"The item. . . . makes me as angry as an old wet hen," wrote Mary K. Bikowski of Wheaton. Enclosed was a photocopy of a news story. Lady Bird Johnson and her LBJ Ranch staff had been barred from shopping at the Bergstrom Air Force Base commissary in Austin, Tex., even though the staff had shopped there regularly for at least five years.

Two weeks later, a smiliar fate befell Jimmy Carter. The Defense Department ruled that, despite his former job as commander-in-chief and former standing as a Navy officer, he wasn't eligible to use commissaries, either.

Not that Carter had done it, mind you, or tried. He hadn't. It was just, well, you know, regulations. . . .

Nonsense, says Mary Bikowski. "After all the years spent in public service, the least the government could do is extend that small courtesy," she writes. "It just makes me hoppin' mad."

Well, that makes two of us, Mary.

The fact that the Carter and Johnson families can afford higher-than-commissary prices isn't the point. We already spend hundreds of thousands of dollars a year to provide Secret Service protection to former presidents and their families. Why begrudge them the right to save a few cents on celery like other commissary patrons and their families?It would be a minor reward for major service, just as extending commissary privileges to retired military personnel is a reward for their service.

Besides, anyone who wants to argue that LBJ performed the service in the Johnson family, not Lady Bird, doesn't understand that relationship or Mrs. Johnson's contributions to this city.

Lady Bird Johnson not only planted most of the tulips that still grace the Tidal Basin four administrations later. She also kept her husband from being consumed by his responsibilities and ambition -- a worthy and difficult assignment if there ever was one.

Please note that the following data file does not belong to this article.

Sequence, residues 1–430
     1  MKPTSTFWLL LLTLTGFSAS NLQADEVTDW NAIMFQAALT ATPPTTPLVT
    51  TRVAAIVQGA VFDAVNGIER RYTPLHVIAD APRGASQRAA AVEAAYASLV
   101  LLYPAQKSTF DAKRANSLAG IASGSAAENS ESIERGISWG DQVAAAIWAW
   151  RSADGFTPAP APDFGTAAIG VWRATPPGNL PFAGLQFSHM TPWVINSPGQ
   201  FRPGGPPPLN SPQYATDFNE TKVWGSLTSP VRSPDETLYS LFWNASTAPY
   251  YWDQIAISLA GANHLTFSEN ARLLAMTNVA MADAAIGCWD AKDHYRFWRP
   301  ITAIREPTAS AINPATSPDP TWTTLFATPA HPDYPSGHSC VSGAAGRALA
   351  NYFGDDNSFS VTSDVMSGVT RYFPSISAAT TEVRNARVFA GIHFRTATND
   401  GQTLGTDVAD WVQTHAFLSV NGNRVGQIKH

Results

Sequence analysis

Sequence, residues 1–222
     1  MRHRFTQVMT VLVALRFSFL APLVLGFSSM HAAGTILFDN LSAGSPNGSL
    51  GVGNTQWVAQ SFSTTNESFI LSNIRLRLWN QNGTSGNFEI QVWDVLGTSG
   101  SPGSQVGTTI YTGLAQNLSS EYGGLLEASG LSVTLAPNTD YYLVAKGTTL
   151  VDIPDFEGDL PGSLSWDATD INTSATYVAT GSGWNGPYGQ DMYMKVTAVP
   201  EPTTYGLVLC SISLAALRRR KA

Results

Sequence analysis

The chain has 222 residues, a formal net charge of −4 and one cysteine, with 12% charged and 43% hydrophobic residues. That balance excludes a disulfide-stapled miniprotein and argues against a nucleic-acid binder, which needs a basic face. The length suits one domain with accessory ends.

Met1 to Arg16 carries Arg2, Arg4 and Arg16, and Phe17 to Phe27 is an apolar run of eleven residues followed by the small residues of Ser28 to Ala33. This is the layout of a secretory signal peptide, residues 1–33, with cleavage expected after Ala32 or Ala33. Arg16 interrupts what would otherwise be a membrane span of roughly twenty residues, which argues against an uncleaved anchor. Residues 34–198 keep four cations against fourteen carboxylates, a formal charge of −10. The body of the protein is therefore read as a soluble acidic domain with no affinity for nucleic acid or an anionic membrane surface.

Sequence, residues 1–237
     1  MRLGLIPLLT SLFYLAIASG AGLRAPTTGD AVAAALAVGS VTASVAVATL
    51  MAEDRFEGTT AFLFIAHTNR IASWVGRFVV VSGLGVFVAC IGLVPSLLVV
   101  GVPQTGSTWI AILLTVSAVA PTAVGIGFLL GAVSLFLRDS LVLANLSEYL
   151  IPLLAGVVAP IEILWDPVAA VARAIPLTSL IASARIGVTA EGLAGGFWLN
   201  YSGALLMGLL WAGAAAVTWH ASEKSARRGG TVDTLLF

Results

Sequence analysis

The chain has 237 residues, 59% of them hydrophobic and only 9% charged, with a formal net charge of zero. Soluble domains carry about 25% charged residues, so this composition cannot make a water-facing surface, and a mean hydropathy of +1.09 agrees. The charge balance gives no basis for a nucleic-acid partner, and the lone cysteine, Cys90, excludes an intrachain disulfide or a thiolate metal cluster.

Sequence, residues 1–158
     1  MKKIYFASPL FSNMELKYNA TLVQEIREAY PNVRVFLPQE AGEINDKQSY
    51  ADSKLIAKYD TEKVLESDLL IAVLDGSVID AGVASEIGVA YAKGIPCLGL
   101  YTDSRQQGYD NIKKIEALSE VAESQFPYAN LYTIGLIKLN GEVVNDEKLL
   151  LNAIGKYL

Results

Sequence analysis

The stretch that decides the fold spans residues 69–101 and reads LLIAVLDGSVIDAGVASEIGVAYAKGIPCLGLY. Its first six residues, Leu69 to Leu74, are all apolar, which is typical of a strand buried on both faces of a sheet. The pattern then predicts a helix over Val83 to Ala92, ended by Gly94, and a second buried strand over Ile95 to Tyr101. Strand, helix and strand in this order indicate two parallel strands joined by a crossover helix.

Consider this information, supplied by Flo Dunn, public information specialist for the Army's Troop Support Agency at Fort Lee, Va., which runs all U.S. commissaries:

Former presidents and former presidents' families are not eligible to use commissaries. Neither are retired members of Congress, former Cabinet officers, past or present justices of the Supreme Court or former ambassadors, except if privileges are granted on a temporary basis.

But the following people are eligible:

Military dependents less than 23 years old who are full-time college students, even though they may also hold full-time jobs.

Surviving spouses of Medal of Honor spouses of Medal of Honor recipients, who may also hold full-time jobs.

Most obscure of all: retirees who worked in federally operated lighthouses or depots that were used in defense of the nation. No one knows for sure how many of these employes are still alive. Flo Dunn's best guess: a few dozen. There are, of course, nowhere near that many former presidents or surviving presidential spouses.

Flo Dunn adds that only the secretary of defense can grant commissary eligibility appeals. Neither Lady Bird Johnson nor Jimmy Carter has bothered to file.

They shouldn't have to.

Quiz: What do Ernest McIver, Nell Rawles, Douglas Yriart, Bradley D. Nash, Judith Ricketts, Mike Giroux, Jim Beadles, Phyllis Stone and about 175 other Washingtonians have in common?

Answer: they're smarter than I am. They knew that it was the National Grange that planted a curbside crop of corn and tomatoes in the 1600 block of H Street NW.

I didn't know, and when I wrote about that plot of green growing goodness last week, I asked for assistance in identifying the hardy (or was it foolhardy?) soul who trusted downtowners enough to try to raise vegetables among them.

Judy Massabny, director of information at the National Grange, set me straight, and I'm delighted to do the same to the record.

Etuk Inyangette, a building engineer at the Grange, plants the garden every year. It has never been stolen from, trampled to death by peace demonstrators, crushed by truck tires -- or failed to flourish. Well done, Etuk.